Loophole: It’s unclear if the owners actually broke the federal paid leave law, because she and other employees didn’t file a complaint to the Labor Department. 

In addition to half a dozen McDonald’s franchise restaurants, other big-names that violated the law include Comfort Suites, Courtyard Marriott and Red Roof Inn franchises. We have the full investigation on how low-wage workers are denied sick leave during the pandemic. 

If you think what happened in Beirut couldn’t happen in the U.S., think again. 

Earlier this week, a massive explosion in Beirut killed at least 135 people and injured 5,000 others. Officials linked the blast to 2,750 tons of confiscated ammonium nitrate that was improperly stored in a warehouse for six years.  

The chemical is also found in fertilizers stored across the country. We’ve seen explosions caused by ammonium nitrate in the U.S. before –– including the 2013 blast that killed 15 and injured 260 people in Texas and the 1995 bombing of the Alfred P. Murrah Federal Building in Oklahoma City that killed 168. 

The rub: The chemical isn’t on the Environmental Protection Agency’s list of “highly hazardous” chemicals. An investigation we published earlier this year also found uneven oversight of ammonium nitrate in the U.S., even after efforts to strengthen federal rules.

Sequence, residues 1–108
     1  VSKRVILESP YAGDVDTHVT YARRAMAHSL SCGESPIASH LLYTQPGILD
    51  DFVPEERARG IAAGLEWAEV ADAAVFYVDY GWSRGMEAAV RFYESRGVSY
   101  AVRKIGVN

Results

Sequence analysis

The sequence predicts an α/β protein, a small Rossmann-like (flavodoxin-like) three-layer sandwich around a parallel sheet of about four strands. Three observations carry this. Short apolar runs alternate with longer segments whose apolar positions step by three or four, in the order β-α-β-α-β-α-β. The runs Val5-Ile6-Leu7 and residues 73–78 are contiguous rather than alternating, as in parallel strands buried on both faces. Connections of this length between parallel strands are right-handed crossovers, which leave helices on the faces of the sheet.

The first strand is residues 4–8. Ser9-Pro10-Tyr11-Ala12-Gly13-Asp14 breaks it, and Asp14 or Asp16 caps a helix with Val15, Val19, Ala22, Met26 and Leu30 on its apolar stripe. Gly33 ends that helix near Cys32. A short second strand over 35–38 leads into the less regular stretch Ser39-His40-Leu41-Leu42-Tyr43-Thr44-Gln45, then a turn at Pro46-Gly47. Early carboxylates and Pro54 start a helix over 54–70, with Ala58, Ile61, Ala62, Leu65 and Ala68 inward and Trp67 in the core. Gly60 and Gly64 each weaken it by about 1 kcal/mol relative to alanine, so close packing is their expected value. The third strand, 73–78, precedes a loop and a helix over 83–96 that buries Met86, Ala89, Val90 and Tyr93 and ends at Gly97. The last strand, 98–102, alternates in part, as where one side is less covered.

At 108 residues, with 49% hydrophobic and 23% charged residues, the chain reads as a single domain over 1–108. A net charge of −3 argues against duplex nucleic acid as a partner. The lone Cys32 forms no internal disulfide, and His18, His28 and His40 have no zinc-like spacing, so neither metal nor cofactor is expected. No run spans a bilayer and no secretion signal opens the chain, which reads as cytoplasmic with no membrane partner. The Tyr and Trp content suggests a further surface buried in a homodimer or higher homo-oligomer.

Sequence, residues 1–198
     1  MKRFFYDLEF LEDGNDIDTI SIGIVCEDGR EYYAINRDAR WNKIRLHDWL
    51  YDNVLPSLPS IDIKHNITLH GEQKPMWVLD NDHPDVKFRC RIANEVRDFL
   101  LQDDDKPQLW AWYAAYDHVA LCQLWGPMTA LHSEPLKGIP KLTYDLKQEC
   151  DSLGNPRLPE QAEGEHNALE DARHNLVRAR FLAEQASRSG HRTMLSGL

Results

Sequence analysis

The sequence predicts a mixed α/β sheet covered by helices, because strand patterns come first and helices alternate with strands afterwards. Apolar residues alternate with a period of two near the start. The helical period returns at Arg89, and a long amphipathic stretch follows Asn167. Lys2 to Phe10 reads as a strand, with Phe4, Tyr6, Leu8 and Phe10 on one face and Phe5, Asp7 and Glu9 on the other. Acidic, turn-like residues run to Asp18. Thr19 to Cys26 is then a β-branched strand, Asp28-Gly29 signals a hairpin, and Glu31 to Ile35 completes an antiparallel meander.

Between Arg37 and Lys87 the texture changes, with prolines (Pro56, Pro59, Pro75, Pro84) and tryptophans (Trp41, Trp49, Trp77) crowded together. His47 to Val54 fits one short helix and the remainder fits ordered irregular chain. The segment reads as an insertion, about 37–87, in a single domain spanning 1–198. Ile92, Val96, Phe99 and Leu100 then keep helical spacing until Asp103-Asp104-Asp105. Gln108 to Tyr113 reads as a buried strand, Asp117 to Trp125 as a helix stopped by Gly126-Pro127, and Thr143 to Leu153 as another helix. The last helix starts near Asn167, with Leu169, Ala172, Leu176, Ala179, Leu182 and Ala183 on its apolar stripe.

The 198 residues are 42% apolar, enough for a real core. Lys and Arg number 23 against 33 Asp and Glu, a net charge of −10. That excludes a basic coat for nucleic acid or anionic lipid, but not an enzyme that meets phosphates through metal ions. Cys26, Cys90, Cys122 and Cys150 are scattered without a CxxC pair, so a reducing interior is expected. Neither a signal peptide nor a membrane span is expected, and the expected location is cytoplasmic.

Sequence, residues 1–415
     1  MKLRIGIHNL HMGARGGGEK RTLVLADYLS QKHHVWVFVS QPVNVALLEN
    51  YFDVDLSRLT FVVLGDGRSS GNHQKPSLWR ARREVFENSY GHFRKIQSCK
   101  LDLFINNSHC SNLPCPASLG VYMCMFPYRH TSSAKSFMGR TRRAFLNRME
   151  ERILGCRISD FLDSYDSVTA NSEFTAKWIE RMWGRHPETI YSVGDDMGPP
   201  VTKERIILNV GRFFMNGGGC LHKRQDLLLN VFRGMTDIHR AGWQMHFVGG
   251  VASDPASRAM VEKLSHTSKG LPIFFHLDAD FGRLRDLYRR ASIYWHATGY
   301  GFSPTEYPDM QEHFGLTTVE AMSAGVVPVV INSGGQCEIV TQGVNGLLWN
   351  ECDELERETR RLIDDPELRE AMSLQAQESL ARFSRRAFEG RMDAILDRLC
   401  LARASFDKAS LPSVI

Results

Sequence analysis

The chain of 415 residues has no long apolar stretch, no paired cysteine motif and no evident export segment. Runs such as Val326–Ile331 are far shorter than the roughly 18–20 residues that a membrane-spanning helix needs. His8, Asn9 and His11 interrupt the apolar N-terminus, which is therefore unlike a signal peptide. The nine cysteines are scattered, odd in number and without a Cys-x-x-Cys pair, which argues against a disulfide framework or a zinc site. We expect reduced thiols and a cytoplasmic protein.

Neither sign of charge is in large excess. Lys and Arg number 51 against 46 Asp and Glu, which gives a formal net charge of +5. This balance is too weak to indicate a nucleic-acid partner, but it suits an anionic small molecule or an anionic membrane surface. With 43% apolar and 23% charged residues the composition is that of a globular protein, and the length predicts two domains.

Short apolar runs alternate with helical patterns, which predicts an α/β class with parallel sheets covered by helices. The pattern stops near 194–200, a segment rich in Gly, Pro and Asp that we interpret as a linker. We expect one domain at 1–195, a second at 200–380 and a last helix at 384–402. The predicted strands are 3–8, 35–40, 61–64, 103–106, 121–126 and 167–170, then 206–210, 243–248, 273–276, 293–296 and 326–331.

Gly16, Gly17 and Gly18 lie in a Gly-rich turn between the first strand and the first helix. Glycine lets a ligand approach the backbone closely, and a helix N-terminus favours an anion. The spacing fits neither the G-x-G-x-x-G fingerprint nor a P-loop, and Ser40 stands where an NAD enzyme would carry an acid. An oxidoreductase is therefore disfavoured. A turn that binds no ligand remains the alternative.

There’s also a government agency that investigates accidents and makes safety recommendations called the Chemical Safety and Hazard Investigation Board. Trump wants it gone. 

Related: Lebanese authorities have taken 16 individuals into custody as part of an investigation into the blast. (via Al Jazeera) 

What we’re following: 

  • If you’re looking for a comprehensive breakdown of most everything that went down so far during the coronavirus pandemic, Ed Young at The Atlantic has you covered in a well-worth-it, 30-something-minute read. BTW, he also reported in 2018 that the U.S. was not ready to handle a pandemic. He was right. 
  • Portland Mayor Ted Wheeler urged nonviolent protesters to avoid city gatherings where violence is likely to occur on Thursday. He also warned against risks of confrontations being used as a “prop” in national advertisements to aid Trump’s re-election campaign. (via Oregon Live)

Eddy Binford-Ross, a student journalist, covers the Portland protests this summer. (Courtesy Eddy Binford-Ross)

 

Eddy Binford-Ross is a rising high school senior who has spent a good amount of her summer vacation dodging tear gas at protests. Binford-Ross — the editor in chief of Clypian, South Salem High School’s student newspaper — has been covering the Black Lives Matter protests in Portland, Oregon, where tactics being used by federal officers have made national headlines. She was shoved by officers and had stun grenades thrown her way, but that didn’t stop her from reporting the story.